Christian Yohannes

Robert F. Kennedy Human Rights Young Defender Christian Yohannes is a 20-year-old George Washington University junior, from Leesburg, Virginia and a product of Loudoun County Public Schools. He is the son of Ethiopian immigrants, a community activist, a former White House Intern in the Biden-Harris Administration, and the youngest Second Vice-President in Loudoun County’s NAACP Branch.

While in his community’s NAACP branch, Christian saw politics in action, as he calls “a game of chess for political interests.” In addition, he remains involved in human rights work leading field trips for Loudoun County Public School Students – educating them on the importance of learning Black History by going to various historic sites around the county. “Black history is always under attack in this country, and will be for some time,” Christian shared. Part of the work he leads includes meeting with school board members, Virginia’s state delegates, and most importantly educating the county’s youth to create a culturally responsive society.

Another initiative Christian human rights work is focusing on is “Marches to the Poll.” This civic engagement project takes place across the country to turn out the vote in coming elections. This comes at a time when Loudoun County has revoked the right to vote recently – disenfranchising Black voters by instilling various voting restrictions with strict ID requirements and voter registrations and unaccessible poll locations. This goes against an individual’s human right to fair and safe elections. When asked if there is a contrast between civil and human rights, he shares, “Human rights are not necessarily civil rights, but civil rights are human rights. Voting is a civil right that is also a human right. They are both extremely necessary to protect.”

This ideology comes at a time when we see worldwide social inequalities that are escalating, impacting millions of people. Christian explains, “I see human rights as a basic need everyone is entitled to that is directly affecting one’s life and the decisions that they make along with the ability for them to do something. All should be viewed in an equitable manner.” Christian’s approach to human rights work includes: looking at such existing policies critically, identifying the problem, and then taking a stand via speaking up and educating the public on such issue(s), while also coming up with possible solutions. This approach is what he also alludes to as activism, which he displayed when first being asked by the Virginia Department of Education to evaluate their social science curriculum – in the rise of conversations surrounding critical race theory.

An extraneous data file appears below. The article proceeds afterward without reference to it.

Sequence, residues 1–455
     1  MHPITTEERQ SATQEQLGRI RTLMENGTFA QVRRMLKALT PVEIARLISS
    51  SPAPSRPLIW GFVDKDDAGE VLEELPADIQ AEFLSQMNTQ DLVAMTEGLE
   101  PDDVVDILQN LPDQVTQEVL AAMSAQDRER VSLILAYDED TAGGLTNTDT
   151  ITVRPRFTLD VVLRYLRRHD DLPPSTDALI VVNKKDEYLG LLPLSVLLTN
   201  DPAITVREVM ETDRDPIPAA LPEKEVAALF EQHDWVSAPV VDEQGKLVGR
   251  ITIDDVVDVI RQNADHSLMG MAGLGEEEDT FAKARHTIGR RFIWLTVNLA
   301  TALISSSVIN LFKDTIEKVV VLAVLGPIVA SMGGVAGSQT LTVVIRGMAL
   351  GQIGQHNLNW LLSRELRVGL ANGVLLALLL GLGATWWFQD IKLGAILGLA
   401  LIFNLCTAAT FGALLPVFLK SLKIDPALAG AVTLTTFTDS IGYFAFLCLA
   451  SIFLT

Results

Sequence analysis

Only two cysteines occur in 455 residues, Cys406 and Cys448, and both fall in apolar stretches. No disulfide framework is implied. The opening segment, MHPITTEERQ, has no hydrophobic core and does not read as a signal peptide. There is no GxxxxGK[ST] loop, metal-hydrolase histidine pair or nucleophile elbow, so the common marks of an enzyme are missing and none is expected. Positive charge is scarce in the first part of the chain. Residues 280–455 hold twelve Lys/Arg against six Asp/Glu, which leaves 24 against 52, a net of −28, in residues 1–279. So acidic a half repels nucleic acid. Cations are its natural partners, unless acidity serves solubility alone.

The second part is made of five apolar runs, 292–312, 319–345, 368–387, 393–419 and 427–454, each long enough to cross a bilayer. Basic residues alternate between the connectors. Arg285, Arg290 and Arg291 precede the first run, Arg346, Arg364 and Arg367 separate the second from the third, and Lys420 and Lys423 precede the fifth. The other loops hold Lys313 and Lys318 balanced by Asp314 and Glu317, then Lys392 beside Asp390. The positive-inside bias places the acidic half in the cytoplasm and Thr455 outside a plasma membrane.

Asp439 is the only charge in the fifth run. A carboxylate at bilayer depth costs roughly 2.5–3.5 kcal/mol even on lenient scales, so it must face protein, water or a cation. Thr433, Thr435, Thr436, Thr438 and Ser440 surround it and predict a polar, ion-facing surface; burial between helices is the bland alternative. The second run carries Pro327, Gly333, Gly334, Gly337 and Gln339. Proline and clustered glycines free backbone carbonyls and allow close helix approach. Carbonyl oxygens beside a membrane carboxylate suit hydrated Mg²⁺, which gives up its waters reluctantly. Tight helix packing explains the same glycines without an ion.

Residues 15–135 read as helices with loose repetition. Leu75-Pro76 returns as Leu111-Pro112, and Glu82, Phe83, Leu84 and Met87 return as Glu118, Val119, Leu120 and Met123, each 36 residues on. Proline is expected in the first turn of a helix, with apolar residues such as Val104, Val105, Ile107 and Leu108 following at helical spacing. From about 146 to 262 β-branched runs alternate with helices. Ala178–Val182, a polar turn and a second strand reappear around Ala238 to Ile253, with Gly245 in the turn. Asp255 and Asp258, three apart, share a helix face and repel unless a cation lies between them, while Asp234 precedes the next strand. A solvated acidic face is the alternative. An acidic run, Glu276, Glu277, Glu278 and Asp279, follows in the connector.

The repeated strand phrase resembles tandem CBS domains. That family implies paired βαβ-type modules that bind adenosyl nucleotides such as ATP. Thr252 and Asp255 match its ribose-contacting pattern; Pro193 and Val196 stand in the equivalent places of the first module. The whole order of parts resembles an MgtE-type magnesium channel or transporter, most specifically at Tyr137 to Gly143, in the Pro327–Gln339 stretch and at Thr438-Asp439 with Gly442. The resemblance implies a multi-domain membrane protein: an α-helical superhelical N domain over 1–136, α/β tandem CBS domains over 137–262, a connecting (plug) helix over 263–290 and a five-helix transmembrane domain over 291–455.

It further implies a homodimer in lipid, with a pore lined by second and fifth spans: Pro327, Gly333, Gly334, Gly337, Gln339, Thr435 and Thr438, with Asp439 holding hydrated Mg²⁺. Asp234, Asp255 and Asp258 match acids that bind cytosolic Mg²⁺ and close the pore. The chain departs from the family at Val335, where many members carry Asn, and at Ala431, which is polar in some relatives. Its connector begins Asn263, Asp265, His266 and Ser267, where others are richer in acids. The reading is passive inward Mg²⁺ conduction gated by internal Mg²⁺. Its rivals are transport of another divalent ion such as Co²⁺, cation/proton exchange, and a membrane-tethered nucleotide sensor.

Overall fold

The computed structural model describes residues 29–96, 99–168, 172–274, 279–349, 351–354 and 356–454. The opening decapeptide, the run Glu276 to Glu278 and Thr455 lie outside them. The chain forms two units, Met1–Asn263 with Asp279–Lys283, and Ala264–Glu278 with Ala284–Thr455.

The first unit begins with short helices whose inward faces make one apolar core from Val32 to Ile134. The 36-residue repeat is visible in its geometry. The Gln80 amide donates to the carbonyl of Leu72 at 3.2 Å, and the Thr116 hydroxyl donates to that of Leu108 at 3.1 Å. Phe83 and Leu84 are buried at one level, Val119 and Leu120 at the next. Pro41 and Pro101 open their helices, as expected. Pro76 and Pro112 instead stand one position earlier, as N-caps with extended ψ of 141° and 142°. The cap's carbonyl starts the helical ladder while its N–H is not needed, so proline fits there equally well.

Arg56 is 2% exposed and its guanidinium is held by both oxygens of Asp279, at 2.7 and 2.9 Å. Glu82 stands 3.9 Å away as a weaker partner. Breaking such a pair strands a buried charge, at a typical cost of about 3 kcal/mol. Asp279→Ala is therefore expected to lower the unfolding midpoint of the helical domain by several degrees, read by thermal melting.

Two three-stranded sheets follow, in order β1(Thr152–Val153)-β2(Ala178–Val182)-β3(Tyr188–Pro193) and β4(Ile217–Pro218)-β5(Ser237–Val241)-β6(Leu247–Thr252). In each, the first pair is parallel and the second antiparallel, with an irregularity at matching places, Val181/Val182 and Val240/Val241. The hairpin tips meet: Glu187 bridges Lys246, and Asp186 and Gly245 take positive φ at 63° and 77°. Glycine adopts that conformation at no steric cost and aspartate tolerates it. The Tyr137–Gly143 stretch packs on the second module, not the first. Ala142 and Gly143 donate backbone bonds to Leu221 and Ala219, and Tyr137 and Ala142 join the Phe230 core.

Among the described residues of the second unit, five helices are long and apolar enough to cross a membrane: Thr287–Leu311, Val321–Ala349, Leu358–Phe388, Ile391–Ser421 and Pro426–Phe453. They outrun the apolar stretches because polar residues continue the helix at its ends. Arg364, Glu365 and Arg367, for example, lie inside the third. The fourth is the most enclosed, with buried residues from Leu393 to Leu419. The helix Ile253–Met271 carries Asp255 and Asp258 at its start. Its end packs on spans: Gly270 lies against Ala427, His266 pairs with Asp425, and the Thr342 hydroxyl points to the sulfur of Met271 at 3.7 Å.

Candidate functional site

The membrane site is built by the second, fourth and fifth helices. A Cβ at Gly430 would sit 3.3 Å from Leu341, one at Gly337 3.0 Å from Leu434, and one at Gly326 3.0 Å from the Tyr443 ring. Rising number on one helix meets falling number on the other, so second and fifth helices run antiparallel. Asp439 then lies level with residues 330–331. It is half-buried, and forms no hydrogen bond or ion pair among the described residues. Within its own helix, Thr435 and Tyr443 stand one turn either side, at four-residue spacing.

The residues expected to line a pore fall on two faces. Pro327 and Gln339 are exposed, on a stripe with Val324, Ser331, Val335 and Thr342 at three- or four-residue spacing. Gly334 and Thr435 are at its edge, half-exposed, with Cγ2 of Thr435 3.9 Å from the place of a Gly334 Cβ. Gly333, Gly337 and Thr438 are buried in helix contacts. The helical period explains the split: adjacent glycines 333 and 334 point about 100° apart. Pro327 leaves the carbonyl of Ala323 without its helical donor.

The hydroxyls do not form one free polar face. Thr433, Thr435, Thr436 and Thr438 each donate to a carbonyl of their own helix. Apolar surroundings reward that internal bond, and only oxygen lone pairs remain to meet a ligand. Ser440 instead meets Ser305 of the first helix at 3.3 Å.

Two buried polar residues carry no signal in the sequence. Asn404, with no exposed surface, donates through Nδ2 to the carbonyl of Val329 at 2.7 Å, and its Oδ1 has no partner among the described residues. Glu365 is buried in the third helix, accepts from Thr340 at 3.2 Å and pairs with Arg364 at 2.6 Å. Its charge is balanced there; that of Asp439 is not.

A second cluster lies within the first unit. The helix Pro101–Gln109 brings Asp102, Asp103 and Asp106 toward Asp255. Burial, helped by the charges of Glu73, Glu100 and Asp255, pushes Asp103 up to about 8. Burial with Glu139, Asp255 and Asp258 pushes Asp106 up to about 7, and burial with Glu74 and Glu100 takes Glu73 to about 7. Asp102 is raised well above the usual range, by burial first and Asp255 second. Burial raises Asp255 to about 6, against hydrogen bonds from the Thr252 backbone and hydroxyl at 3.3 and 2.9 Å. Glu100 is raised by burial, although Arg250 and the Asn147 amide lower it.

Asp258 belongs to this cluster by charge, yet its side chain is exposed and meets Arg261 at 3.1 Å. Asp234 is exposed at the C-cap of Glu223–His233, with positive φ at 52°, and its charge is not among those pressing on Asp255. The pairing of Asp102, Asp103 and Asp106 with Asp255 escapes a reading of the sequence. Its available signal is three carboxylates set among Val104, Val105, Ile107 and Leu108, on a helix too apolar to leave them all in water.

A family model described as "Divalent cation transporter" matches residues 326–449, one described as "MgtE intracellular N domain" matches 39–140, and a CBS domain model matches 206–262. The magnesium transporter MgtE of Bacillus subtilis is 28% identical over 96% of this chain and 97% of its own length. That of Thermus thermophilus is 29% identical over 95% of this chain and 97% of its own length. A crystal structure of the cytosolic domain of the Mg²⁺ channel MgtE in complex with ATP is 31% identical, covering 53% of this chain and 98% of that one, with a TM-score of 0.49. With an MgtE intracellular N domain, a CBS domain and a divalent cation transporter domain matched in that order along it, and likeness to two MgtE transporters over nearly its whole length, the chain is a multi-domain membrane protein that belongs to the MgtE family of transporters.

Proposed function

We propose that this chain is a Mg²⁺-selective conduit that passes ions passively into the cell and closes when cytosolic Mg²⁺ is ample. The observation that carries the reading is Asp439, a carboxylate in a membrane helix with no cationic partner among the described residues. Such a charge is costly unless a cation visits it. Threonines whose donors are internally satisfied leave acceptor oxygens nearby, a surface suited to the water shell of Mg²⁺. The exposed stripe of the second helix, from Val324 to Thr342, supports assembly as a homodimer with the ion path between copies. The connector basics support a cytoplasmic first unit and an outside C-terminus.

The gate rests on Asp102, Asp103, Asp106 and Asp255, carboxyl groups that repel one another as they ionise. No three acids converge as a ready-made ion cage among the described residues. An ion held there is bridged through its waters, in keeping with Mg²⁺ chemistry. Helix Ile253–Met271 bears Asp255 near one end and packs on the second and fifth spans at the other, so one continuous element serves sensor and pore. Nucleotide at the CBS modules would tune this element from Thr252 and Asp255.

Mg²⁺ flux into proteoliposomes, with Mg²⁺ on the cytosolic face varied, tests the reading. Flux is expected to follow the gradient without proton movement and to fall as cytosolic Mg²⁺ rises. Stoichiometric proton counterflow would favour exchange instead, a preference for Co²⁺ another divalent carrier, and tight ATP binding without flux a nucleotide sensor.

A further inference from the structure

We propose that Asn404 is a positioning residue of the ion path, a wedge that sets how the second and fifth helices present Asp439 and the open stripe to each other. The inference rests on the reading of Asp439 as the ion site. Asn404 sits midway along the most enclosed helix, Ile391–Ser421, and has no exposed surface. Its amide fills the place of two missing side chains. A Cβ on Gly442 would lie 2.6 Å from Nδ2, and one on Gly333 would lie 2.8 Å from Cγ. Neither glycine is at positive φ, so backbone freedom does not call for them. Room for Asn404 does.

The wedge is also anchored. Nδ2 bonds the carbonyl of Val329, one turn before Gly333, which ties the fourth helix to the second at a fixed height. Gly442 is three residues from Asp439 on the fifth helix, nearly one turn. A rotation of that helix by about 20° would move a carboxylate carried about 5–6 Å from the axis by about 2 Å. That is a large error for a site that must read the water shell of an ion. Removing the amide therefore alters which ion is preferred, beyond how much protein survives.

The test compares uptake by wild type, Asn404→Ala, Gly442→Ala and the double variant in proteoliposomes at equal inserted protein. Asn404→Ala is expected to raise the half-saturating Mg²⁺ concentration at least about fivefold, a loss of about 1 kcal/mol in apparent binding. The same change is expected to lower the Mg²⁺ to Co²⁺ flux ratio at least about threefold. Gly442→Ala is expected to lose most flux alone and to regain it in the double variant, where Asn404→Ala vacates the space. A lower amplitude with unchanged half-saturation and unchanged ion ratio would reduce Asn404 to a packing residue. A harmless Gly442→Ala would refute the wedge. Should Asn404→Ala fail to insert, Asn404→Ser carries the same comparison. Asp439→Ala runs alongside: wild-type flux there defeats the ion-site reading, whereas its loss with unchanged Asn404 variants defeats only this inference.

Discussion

“I looked at every single page of the curriculum to see why people could potentially be so angry about it. There was no mention of critical race theory there,” he said.

As part of Gen-Z, Yohannes understands the importance of energizing the youth and involving youth in decisions that impact not just the now (what is currently happening) but the future. For inspiration, Christian looks at Civil Rights Activist Reverend Jesse Jackson, his mother (who he calls his “Mom-Mager” a combination of being his mom and his manager keeping him on task traveling with him mostly everywhere) his sister, and the current President of the NAACP Branch Loudoun County, Reverend Michelle C. Thomas. Thomas also happens to be the mother of Christian’s best friend, Fitz, who tragically died in 2020, at age 16, in Loudoun County during a system failure experienced by EMS.

Christian’s drive, accomplishments, and projects he is working on, give full credit to having faith in God, the incredible mentorship, and his upbringing in a single-parent household alongside his mother and sister. “Having been raised by two amazing women allows me to be able to learn and hear different perspectives beyond my own. I embody the qualities that my mother and sister have taught me”.

Christian is on track to graduate from George Washington University and pursue law school to become a Civil Rights Attorney – while not tossing away the idea of pursuing political office. “I worked so hard to get where I am. I know what I know and I know what I can do! I don’t minimize myself or make a moment too big for myself,” Christian expressed. He wishes to protect African American interests and save lives via public safety, and it is why he exemplifies the values of a Robert F. Kennedy Human Rights Young Defender.

Profile written by Jaylen Bradley.